Asmussen | Losing Dudek a punch in the gut

Asmussen | Losing Dudek a punch in the gut

The moment Lovie Smith said the words "Mike Dudek" during Monday's press conference, you knew what was coming next would be bad news.

And it was. The Illinois receiver, who missed the 2015 and '16 seasons with torn ACLs, is going to miss the rest of '18, too.

Punch ... in ... the ... gut.

For a fan base that cheered wildly for him during a breakout rookie season, it wasn't just about the numbers, which were huge.

It was the style. The knack for catching the ball in a crowd. The ability to get open. The Spider-Man-like stickiness of his hands.

Play after play after play.

He was on his way to Illini immortality. The best receiver in school history, Hall of Famer David Williams, had 3,392 yards in the 1980s. It's a record I would have told you would never be broken. But Dudek, after one spectacular season, was on pace. The biggest issue at the time wasn't whether Dudek could put up four consecutive 1,000-yard seasons, but whether he would be gone to the NFL after No. 3.

But sports can be cruel. In the spring of 2015, with Tim Beckman still the coach and Bill Cubit his offensive coordinator, Dudek suffered a torn ACL on his right knee.

He tried to get back on the field for Cubit, who took over on an interim basis after Beckman was fired just before the season. Eventually, it was decided to hold Dudek out for the year. He had a redshirt left and used it.

The tough luck continued for Dudek in 2016. In Smith's first spring as Illinois head coach, Dudek suffered a second torn ACL to his right knee. He missed the entire season.

Showing promise

Dudek got back on the field in 2017. He missed five games with different ailments.

Working with three quarterbacks, he caught 24 passes.

Garrick McGee's system didn't suit Dudek. But when Rod Smith was hired as the new offensive coordinator, it seemed to be a great decision for the receiver.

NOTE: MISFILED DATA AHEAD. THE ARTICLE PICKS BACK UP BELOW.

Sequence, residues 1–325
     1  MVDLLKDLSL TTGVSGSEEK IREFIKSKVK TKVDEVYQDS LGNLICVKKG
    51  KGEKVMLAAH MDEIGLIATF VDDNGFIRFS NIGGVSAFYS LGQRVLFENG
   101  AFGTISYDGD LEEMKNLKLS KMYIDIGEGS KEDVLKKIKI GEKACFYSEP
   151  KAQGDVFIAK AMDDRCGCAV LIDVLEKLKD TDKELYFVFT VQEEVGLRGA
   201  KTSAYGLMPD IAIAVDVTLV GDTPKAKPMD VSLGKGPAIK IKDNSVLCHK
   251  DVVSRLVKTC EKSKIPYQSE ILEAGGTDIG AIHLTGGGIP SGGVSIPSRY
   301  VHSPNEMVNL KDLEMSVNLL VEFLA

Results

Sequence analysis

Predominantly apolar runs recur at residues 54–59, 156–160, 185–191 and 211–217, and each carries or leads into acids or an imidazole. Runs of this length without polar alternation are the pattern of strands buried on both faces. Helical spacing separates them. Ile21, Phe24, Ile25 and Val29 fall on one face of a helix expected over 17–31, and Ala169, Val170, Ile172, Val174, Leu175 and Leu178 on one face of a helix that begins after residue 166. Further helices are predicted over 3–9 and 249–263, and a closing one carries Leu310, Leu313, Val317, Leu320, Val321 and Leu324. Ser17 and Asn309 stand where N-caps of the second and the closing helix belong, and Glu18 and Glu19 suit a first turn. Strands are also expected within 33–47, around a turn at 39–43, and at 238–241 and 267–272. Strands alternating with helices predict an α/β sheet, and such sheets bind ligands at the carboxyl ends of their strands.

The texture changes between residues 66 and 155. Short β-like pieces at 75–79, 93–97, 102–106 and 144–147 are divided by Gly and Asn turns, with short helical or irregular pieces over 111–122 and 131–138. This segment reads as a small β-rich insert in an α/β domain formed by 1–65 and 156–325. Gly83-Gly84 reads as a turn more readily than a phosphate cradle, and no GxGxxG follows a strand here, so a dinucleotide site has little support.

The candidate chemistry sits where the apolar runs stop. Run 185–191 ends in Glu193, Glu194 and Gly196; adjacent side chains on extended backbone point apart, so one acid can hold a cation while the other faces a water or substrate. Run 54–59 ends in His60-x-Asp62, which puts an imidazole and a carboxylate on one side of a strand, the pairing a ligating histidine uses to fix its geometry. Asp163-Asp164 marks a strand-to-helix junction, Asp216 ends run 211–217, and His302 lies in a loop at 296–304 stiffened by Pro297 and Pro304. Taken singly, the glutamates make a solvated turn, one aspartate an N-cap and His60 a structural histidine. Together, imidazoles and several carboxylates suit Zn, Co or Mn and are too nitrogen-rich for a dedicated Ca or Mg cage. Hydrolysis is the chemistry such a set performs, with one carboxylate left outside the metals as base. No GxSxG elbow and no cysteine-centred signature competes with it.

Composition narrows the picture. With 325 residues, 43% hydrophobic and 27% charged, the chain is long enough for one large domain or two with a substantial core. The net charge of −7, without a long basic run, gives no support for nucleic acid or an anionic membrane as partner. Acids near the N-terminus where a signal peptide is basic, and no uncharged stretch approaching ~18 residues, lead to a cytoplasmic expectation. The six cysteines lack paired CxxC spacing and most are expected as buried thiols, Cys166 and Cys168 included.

Vowing it would be his last year at Illinois, Dudek worked and worked and worked. In the offseason, he ran a 40 time that defied his knee injuries.

Dudek also took more of a leadership role with the receivers. Just like he had been mentored early in his career, Dudek wanted to help push the younger guys.

His relationship with his teammates and coaches might explain the mournful reaction at Memorial Stadium on Monday.

There was shock. And concern for Dudek. And the sadness that he won't be on the field again this season.

Injuries happen. But rarely one as critical to the fortunes of the team.

The one that jumps into my mind came during the Ron Turner era. In 2000, star receiver Brandon Lloyd suffered a mysterious offseason broken leg. A year after a stellar rookie year, Lloyd couldn't go and the team suffered, finishing 5-6. Lloyd returned in 2001 and had a monster season for the Big Ten champs, catching 65 passes for 1.062 yards and 10 touchdowns.

Don't count him out

Will Dudek play again at Illinois? Doubtful.

But ... Lovie Smith did not mention surgery Monday. That's a good sign. And anyone who has followed Dudek knows he is a tireless worker. If there is a way to get back on the field, even for a bowl game, he will try.

More likely, Dudek will dedicate himself to rehab and take a shot at the NFL.

Football is clearly not good on the knees. Especially at a position like receiver, where you are getting hit while your feet are planted in the turf. Something's got to give and it is often the legs.

Dudek will have missed three full seasons because of knee injuries. That will be a red flag for the NFL, which is worried as much about durability and liability as it is ability.

Dudek's future will be cleared up in the coming weeks and months. After the second torn ACL, many would have guessed his Illinois career was over. That was wrong.

Bob Asmussen can be reached at 217-351-5233 or by email at asmussen@news-gazette.com.

-